Shokkan: This is the restaurant to which I wasn’t invited. Yuko liked it, though.


 Nanaya Gelato

Nanaya Gelato: This place is well known for their seven levels of matcha gelato. Get the strongest one, #7, and anything else, especially if “anything else” is hojicha. They really know how to do ice cream well.

 Rainbow Pancake

Rainbow Pancake: This pancake boutique (a term I just invented) churns out super cute pancakes and pancake accessories. The pancakes are not American-sized but are tiny, artisanally crafted disks of fluff. When we visited, a local variety show was doing a spot about the restaurant and the line was out the door. You’ll definitely get some Instagram +1s (or whatever they call them).

Bake Cheese Tart: This bakery sells variations exactly one item: a one- or two-bite cheese tart. I only got two and was disappointed when they both disappeared.

SunnyHills Pineapple Cake: We didn’t actually have any of this Taiwanese brand’s wares, but the architecture alone is worth visiting for. They actually have a free tasting of pineapple cakes, after which you can opt to buy some to take home.

Coffee & Tea

 Aoyama Tea House

Aoyama Flower Market Tea House: You are surrounded by hanging plants and roses and it feels like you’re sitting in a garden. Even the food they serve incorporates flowers (i.e. Eric’s waffle was topped with edible flowers). Definitely go here! Eric had a great time. We recommend getting there early on a weekday.

 Glitch Coffee Roaster

Glitch Coffee Roaster: This is one of the most unique coffee roasters in existence. Despite my love for dark, bitter coffee. They focus on extremely light roasts, with the result that becomes more of an elixir than a cup of joe, with lots of sour cherry and citrus notes. They also have very knowledgeable and skilled baristas who can help you make a decision. They roast within their tiny shop, making a warm, aromatic environment. We took a bunch of small bags of different roasts home and were sad when they were depleted.

 Face coffee

Nissan Crossing: This is the café where they take a picture of you and use a fancy machine to draw your faces on latte foam. It’s inside a Nissan showroom which was interesting to see. Definitely an Instagram-worthy spot.


Fuglen: This is the second outpost of an Oslo-originated cafe. The interior design is mod 50’s and 60’s, but the winning move is to sit outside on a nice day. They really care about getting your espresso drink correct; this was the only time in my life that I was explicitly asked how much milk I’d like in my macchiato.

Omotesando Koffee: This place, down a winding street just steps away from the busy high-fashion shopping avenue, is serene. It had become Tokyo’s favorite espresso joint, with each drink prepared with precision. Then, it inexplicably closed, only to reopen with a focus on selling whole beans. It might still be worth a stop; they now serve non-espresso coffee. The owner also has Toranomon Koffee nearby, which also might be worth a stop.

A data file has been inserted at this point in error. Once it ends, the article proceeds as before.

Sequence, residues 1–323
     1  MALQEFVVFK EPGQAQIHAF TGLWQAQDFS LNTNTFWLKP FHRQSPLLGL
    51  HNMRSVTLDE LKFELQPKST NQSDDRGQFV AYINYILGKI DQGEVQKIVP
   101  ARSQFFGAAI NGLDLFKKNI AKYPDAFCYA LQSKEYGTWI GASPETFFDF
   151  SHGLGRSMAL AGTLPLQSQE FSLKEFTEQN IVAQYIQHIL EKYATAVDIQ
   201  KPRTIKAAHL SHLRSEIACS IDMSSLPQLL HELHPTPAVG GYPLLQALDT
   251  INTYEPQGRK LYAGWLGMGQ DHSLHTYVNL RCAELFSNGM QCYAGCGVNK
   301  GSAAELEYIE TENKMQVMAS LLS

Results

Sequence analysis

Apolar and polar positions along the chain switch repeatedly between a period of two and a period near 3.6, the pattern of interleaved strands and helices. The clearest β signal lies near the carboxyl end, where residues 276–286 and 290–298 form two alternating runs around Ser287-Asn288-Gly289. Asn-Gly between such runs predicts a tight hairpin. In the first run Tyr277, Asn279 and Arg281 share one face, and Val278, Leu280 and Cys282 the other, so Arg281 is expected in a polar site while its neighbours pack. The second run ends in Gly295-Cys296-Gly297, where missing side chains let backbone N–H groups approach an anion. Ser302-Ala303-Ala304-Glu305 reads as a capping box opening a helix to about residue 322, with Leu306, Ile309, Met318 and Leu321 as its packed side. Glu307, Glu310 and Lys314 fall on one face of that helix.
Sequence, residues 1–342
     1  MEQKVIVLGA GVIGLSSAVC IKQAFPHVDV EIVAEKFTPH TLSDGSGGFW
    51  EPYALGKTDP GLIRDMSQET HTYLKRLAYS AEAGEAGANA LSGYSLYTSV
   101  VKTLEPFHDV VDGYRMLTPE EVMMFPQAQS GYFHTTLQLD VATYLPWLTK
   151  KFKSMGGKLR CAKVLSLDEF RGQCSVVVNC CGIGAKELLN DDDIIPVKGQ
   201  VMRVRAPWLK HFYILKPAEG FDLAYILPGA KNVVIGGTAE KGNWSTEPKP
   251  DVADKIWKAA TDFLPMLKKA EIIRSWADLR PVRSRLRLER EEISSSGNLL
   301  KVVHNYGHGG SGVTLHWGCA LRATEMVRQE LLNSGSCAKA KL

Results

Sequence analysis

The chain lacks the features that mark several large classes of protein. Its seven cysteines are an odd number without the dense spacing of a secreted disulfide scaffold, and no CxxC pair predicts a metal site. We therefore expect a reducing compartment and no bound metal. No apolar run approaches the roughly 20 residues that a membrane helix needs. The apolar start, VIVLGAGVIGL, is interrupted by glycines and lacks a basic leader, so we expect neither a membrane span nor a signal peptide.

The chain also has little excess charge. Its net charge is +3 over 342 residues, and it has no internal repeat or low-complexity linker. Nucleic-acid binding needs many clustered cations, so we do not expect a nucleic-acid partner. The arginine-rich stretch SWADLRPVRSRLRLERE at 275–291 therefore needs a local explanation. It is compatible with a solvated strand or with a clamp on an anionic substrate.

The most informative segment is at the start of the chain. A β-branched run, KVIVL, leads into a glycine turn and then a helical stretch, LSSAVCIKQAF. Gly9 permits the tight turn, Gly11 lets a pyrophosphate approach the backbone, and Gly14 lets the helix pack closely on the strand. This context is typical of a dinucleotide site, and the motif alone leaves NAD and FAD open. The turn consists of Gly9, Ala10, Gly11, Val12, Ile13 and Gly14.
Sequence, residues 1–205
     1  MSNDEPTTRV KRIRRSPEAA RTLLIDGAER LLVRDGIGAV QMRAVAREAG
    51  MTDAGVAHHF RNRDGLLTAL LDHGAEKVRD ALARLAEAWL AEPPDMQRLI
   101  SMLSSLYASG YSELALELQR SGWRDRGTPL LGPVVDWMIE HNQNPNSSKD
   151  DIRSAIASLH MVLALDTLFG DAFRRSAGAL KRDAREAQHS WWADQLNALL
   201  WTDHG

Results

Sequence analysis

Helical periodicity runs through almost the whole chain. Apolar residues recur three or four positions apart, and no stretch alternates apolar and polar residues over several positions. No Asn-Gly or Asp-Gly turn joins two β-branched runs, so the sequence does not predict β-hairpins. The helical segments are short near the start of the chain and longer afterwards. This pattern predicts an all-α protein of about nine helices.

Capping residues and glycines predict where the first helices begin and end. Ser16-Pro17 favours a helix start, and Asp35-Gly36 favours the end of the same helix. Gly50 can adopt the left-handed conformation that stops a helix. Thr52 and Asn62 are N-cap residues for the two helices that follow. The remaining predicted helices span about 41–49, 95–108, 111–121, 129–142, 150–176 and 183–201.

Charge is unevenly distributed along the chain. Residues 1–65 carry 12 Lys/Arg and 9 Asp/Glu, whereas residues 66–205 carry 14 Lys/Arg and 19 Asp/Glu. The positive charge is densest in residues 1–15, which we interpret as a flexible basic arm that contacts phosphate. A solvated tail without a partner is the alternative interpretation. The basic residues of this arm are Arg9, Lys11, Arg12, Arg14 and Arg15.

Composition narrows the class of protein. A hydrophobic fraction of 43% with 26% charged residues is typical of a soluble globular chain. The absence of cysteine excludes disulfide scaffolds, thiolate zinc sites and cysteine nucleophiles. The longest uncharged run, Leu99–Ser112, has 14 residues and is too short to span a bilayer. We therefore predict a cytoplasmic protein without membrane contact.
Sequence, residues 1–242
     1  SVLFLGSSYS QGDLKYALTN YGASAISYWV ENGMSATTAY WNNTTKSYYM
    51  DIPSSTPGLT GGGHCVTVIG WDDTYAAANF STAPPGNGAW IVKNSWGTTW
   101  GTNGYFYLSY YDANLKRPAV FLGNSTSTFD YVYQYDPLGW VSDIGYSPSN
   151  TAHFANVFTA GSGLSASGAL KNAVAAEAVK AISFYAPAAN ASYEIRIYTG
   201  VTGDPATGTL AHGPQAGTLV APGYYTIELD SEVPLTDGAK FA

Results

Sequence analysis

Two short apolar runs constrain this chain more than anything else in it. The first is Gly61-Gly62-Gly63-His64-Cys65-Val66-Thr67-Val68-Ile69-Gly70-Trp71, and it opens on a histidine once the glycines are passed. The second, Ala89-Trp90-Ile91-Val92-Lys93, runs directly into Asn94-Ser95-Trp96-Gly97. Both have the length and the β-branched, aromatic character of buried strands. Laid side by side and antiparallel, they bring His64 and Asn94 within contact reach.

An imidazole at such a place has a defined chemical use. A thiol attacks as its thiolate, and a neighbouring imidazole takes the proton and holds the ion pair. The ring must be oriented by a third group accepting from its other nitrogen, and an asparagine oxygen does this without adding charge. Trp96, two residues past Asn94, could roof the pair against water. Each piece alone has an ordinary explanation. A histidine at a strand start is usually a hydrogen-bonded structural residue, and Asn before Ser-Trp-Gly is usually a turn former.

Bear Pond Espresso: Shimo-Kitazawa is the Williamsburg of Tokyo and this place is emblematic of that fact in its pretentiousness. Service stops at 2pm because after that, “too many people come and I cannot make consistent coffee,” says the owner. Raw espresso is only served until 1pm, and only 10 are made a day. That said, this guy really does care about every single drop of coffee that comes out of that white Marzocco. He’s also clearly a bit crazy. If I were to come back to the neighborhood, I’d try Coffea Exlibris instead.

Streamer Coffee Company: A Japanese chain of perfectly good third-wave coffee shops.


Maruyama Coffee: I noticed this was in between the Todoroki Ravine and our lunch spot and we decided to stop in. Here is another place that really cares about coffee, but luckily provides a warmer, more supportive environment. They focus on selling beans for drip coffee here and have a large menu of items to choose from. Several of the baristas are world award-winning too.


Tokyu Hands: You could practically spend all day here which is what we did one rainy day in Tokyo. Each floor is dedicated to a very specific hobby and you can find some quality items. We stumbled upon random products ranging from portable pee bag to expensive dog accessories. There are multiple locations. I would save this for maybe a rainy day when you want to stay indoors.

Cat Street: This is a neat, pedestrian-friendly street with a mix of international brands and local boutiques. Worth a stroll if you’re in the area.


Asakusa: Eric didn’t end up going here but I’ve been a few times. A little touristy. It’s a Buddhist temple with lots of little side shops.

Meiji Shrine: We never made it to this but I heard it’s pretty good.


 Parasite Museum

Meguro Parasitological Museum: I love places off-the-beaten-path and this fits the bill. This museum is a collection of parasites of all different types in jars. The exhibition is two rooms of separate floors with many display cases. I highly recommend visiting this unique museum and picking up a t-shirt.


Blue Lug: Blue Lug is an icon in the world of cycling, both as an independent producer of wares and as a good bike shop. They have a couple of outposts around Tokyo; the main one in Hatagaya is far away from anything, but is worth a visit. Their inventory is very interesting. I had wanted to visit their bar in the same area as well.

Outdoor Fun

These places are outside of Tokyo. Highly recommend going on the Shinkansen (bullet train) at least once. It’s really quite the experience Don’t forget to get a bento box and beer for the ride!

 Volcanic lake

Mt. Kusatsu-Shirane (Gunma): If you want to see some cool turquoise-colored acidic lake, go here.

Onioshidashi Park (Karuizawa): This is another volcanic Park in Gunma. This place was very cool and wish we had more time to explore and walk around. There’s a food hall here but don’t go there. It’s terrible.

 Kamikochi hike